Investigative Journalism 2.0

Posted by on Sep 13 2011 | PPC, Taxes, Transportation

It’s no secret the cost of investigative journalism is becoming prohibitive in the 21st century. Gone are the days when newspapers employed investigative teams to dig up dirt on politicians and wasteful government. Sure you can blame the Internet, but you’d have to confess that the Internet simultaneously killed the old investigative journalist guard and replaced it with the new, more nimble Internet investigative guard. Now anyone who has a cheap netbook, Internet connection, and a hot tip can play investigative journalist. (Thanks WordPress!) Unfortunately, publishing great scoops on your own website doesn’t automatically mean that it will get the attention that it probably deserves. This is one advantage the old media and it’s decimated force of investigative journalists still has on us. Therefore, when Independence Institute investigative journalist Todd Shepherd breaks something on our Independence Investigates website, he is delighted when the old media picks up on it. And sometimes, when old media echoes a breaking investigation loud enough, real changes occur in the real world.

Let me give you an example.

In February of this year, Todd broke a rather sickening story about sex offenders registering addresses with the state at locations of state-subsidized child care providers. Take a look at the original report here. Chuck Plunkett of the Denver Post reported on Todd’s investigation that same day – on the virtual pages of the Post. Sure enough, five months later the state removed 12 daycare providers from the registry thanks to Todd’s investigation. No doubt Chuck’s write-up in the state’s largest newspaper helped give legs to Todd’s work, which lead to the subsequent action by the state to rectify the situation. This is but one example of how new media and old media help each other.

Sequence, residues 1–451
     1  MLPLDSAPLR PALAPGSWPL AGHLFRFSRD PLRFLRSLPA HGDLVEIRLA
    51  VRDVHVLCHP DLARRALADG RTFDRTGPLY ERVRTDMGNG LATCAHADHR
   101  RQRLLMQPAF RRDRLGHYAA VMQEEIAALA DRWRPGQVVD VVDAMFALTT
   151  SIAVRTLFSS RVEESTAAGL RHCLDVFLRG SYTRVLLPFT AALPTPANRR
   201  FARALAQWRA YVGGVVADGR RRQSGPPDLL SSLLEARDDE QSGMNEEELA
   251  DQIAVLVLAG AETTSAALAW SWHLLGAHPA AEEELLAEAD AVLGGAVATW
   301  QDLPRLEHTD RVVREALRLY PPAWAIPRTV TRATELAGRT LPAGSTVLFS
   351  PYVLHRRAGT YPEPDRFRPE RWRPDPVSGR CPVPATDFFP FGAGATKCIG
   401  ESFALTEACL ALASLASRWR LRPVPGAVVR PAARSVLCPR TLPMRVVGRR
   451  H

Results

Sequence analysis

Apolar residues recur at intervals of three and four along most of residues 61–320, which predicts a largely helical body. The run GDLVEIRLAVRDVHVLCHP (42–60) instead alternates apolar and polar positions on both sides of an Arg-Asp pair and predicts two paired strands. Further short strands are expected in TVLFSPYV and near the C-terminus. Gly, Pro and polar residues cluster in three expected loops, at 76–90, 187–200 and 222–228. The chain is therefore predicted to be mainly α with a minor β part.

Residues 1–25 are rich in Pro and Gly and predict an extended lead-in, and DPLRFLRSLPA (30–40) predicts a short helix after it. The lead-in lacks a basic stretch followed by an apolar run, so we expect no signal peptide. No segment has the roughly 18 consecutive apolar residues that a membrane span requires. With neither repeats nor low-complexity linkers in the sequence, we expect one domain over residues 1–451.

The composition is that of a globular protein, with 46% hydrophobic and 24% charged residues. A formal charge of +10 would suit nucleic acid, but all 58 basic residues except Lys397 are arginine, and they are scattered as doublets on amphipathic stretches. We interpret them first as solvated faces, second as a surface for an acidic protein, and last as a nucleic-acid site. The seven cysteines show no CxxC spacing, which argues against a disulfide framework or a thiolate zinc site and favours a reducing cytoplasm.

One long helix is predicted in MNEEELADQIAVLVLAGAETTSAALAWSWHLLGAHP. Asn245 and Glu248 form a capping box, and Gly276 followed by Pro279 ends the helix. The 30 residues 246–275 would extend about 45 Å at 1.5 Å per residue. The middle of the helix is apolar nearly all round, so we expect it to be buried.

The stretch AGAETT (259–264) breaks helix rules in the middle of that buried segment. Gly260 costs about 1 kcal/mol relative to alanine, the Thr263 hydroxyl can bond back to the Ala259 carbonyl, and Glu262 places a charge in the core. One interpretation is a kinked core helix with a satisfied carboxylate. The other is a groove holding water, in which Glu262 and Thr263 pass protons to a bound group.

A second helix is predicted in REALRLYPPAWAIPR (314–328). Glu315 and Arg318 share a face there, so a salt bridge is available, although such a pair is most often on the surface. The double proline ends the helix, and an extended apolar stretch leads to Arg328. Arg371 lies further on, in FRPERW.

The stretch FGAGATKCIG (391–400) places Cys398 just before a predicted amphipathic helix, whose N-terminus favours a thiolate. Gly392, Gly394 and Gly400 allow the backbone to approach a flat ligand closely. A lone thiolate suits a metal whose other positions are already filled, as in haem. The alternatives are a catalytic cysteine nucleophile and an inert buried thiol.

Let me present you with the latest example. This Sunday Todd broke a story showing emails from CDOT employees discussing possible gas tax hikes and new taxes on fuel efficient vehicles. The next day, semi-old media picked the story up on their website. The prolific Michael Roberts of the Westword echoed Todd’s story on the Latest Word. You’ll notice in Michael’s piece that he gives a lot of love to the Independence Institute as well (look at our logo in all its glory). This kind of exposure is great for us. And great for new media in general.

A big thanks needs to go out to the Denver Post and publications like the Westword for reporting on our investigations. We have a harder time effecting change without you guys. And of course, thanks to Todd Shepherd for continually breaking huge stories. Taxpayers, ratepayers, and fans of transparency owe a lot to your work.

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